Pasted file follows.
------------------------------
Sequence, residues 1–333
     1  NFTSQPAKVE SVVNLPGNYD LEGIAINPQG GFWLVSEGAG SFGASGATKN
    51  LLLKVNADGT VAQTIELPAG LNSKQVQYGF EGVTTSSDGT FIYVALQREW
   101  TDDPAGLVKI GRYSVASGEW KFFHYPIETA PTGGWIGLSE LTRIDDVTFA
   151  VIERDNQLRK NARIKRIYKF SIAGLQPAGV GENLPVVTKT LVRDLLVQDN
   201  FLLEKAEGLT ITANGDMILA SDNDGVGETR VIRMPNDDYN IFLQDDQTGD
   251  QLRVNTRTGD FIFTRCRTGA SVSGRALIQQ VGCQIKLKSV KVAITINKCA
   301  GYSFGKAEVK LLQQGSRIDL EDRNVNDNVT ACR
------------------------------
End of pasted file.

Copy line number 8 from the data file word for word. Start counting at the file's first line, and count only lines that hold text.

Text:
   301  GYSFGKAEVK LLQQGSRIDL EDRNVNDNVT ACR